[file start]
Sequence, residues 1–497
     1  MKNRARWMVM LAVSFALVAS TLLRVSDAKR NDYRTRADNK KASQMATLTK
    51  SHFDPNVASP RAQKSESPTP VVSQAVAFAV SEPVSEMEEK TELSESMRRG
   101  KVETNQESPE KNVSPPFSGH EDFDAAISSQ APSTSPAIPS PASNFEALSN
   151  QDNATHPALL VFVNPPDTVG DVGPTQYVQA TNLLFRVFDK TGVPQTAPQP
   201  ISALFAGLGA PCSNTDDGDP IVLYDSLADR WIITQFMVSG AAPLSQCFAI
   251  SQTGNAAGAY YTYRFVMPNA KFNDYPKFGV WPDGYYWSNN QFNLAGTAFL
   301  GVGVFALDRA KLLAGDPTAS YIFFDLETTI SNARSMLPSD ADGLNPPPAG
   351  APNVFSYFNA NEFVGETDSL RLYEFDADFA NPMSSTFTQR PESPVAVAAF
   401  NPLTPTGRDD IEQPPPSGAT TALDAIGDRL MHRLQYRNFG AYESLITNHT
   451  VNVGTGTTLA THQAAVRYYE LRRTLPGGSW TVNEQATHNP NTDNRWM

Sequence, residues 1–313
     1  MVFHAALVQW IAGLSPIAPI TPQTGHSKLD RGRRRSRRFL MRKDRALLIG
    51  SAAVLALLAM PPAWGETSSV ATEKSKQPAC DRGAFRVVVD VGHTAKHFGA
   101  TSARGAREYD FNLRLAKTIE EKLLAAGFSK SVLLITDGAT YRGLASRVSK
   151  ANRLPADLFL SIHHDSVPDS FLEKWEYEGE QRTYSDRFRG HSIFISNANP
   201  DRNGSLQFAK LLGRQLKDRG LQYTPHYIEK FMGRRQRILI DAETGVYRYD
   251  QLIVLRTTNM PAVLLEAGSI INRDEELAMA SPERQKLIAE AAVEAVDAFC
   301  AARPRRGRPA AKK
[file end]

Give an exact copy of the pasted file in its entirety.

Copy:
Sequence, residues 1–497
     1  MKNRARWMVM LAVSFALVAS TLLRVSDAKR NDYRTRADNK KASQMATLTK
    51  SHFDPNVASP RAQKSESPTP VVSQAVAFAV SEPVSEMEEK TELSESMRRG
   101  KVETNQESPE KNVSPPFSGH EDFDAAISSQ APSTSPAIPS PASNFEALSN
   151  QDNATHPALL VFVNPPDTVG DVGPTQYVQA TNLLFRVFDK TGVPQTAPQP
   201  ISALFAGLGA PCSNTDDGDP IVLYDSLADR WIITQFMVSG AAPLSQCFAI
   251  SQTGNAAGAY YTYRFVMPNA KFNDYPKFGV WPDGYYWSNN QFNLAGTAFL
   301  GVGVFALDRA KLLAGDPTAS YIFFDLETTI SNARSMLPSD ADGLNPPPAG
   351  APNVFSYFNA NEFVGETDSL RLYEFDADFA NPMSSTFTQR PESPVAVAAF
   401  NPLTPTGRDD IEQPPPSGAT TALDAIGDRL MHRLQYRNFG AYESLITNHT
   451  VNVGTGTTLA THQAAVRYYE LRRTLPGGSW TVNEQATHNP NTDNRWM

Sequence, residues 1–313
     1  MVFHAALVQW IAGLSPIAPI TPQTGHSKLD RGRRRSRRFL MRKDRALLIG
    51  SAAVLALLAM PPAWGETSSV ATEKSKQPAC DRGAFRVVVD VGHTAKHFGA
   101  TSARGAREYD FNLRLAKTIE EKLLAAGFSK SVLLITDGAT YRGLASRVSK
   151  ANRLPADLFL SIHHDSVPDS FLEKWEYEGE QRTYSDRFRG HSIFISNANP
   201  DRNGSLQFAK LLGRQLKDRG LQYTPHYIEK FMGRRQRILI DAETGVYRYD
   251  QLIVLRTTNM PAVLLEAGSI INRDEELAMA SPERQKLIAE AAVEAVDAFC
   301  AARPRRGRPA AKK